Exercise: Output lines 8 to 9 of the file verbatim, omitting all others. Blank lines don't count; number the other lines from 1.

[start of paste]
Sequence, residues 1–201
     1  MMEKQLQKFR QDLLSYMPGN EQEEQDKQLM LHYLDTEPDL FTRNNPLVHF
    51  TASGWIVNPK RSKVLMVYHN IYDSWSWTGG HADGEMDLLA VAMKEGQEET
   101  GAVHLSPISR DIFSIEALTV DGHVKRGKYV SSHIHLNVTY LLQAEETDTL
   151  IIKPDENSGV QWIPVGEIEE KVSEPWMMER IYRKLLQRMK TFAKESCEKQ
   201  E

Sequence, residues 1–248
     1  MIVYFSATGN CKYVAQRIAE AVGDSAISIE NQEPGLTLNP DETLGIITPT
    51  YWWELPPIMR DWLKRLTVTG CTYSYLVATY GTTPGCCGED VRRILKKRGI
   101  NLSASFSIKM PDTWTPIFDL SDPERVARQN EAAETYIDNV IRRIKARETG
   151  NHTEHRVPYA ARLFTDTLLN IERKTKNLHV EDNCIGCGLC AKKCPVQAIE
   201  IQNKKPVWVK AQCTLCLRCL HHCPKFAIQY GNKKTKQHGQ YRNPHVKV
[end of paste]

     1  MIVYFSATGN CKYVAQRIAE AVGDSAISIE NQEPGLTLNP DETLGIITPT
    51  YWWELPPIMR DWLKRLTVTG CTYSYLVATY GTTPGCCGED VRRILKKRGI